And the 20% figure comes from the fact that pensioners and 'vulnerable people' (those on ESA for example) are assumed to be protected, so the burden falls disproportionately on working people with older children, the single, and childless couples.
  • edited 26 August 2011 at 5:17PM
    CISCIS Forumite
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    edited 26 August 2011 at 5:17PM
    Moreover, the amount to be made available will be reduced by 10 per cent. The Department expects to deliver this money to local authorities as grant.'
    It will but you cant make a straight inference from that.
    And the 20% figure comes from the fact that pensioners and 'vulnerable people' (those on ESA for example) are assumed to be protected, so the burden falls disproportionately on working people with older children, the single, and childless couples.
    You cant just double the figures like that with no real basis, that figure has been doubled to try and introduce a scare factor. At this stage the figure may be 20% or may easily be less. To be honest the vast majority of CTB is paid to those on other benefits and over pension age so the % on the rest may be even higher but its far too early to be quoting figures.
    Some councils have lots of 'easy' targets - if they have lots of second home owners, then reducing or eliminating the discount might be one option.
    That would require a change in the regulations.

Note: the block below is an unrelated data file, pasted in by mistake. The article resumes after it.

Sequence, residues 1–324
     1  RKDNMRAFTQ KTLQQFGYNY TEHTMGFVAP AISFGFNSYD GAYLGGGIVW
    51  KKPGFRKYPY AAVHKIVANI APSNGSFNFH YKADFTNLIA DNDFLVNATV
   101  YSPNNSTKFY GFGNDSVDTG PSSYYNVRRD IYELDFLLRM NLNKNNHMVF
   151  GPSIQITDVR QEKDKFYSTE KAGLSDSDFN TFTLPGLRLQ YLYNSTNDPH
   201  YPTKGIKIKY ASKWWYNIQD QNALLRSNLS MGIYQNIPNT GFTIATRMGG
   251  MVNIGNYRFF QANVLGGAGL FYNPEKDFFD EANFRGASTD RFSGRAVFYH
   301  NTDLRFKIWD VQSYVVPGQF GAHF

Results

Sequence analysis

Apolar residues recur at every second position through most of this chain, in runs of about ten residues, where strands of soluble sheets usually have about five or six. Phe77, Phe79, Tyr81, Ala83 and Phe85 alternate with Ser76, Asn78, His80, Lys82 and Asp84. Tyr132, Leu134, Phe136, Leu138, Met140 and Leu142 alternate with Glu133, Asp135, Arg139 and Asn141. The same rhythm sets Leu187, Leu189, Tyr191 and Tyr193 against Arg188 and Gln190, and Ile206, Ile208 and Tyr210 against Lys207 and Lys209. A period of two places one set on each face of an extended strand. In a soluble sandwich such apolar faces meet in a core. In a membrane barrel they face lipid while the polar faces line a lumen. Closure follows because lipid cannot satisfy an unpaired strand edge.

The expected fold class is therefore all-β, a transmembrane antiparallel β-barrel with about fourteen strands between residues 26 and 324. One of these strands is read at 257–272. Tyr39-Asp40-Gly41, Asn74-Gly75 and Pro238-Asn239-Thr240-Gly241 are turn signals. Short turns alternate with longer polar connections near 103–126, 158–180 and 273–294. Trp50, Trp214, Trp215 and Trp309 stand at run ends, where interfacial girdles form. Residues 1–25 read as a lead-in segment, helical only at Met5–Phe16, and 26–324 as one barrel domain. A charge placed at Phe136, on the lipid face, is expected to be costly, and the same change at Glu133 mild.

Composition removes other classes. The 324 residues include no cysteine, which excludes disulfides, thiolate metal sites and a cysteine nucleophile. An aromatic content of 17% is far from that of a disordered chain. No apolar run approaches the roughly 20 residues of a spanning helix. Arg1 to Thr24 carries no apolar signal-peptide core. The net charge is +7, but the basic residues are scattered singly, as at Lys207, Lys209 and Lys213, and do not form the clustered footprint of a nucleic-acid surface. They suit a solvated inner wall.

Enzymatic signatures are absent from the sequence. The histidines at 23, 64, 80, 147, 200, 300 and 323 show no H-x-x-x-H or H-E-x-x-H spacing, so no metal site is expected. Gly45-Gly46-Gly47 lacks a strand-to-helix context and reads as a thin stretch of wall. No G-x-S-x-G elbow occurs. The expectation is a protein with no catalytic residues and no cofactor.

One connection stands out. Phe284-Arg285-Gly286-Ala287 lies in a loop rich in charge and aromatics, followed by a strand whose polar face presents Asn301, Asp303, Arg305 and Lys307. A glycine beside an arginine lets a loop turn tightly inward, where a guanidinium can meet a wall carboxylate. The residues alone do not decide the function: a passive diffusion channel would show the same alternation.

Personally I would remove exemption given to students (Class N) and replace it with a discount - say 75%.
    I no longer work in Council Tax Recovery but instead work as a specialist Council Tax paralegal assisting landlords and Council Tax payers with council tax disputes and valuation tribunals. My views are my own reading of the law and you should always check with the local authority in question.
  • CISCIS Forumite
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    DWP confirm that the average award is £15.81 per week,

    5.85 million claim council tax benefit of which at least 75% are pensioners, so that leaves about 1.4 million people who dont have preserved pensioner awards.

    The week budget for CTB is £81,500,00 so 10% would be £8,100,000.

    The amount of CTB paid to those under pension age is about £12,100,000 per week. If the £8,100,000 is taken from this then that reduces the weekly CTB pool to £4,000,000 for this group.

    This makes the payable CTB in this group around £2.75 per week(£4,000,000 / 1,460,000).

    The award for those people is reduced by approx 83% , a big difference from 20%.

    What this shows is that the figures can be used to a totally different figure to that quoted and no doubt can be made to both lower and higher drops.
    I no longer work in Council Tax Recovery but instead work as a specialist Council Tax paralegal assisting landlords and Council Tax payers with council tax disputes and valuation tribunals. My views are my own reading of the law and you should always check with the local authority in question.
  • akin_drum wrote: »
    At the moment there does not appear to be enough information on which to make comment. This thread, and it's title, appears to be deliberately attempting to incite fear among those that are in receipt of council tax. Besides which, shouldn't this be discussed somewhere else? I thought the benefit board was about helping people maximise their benefits - not discuss proposed changes.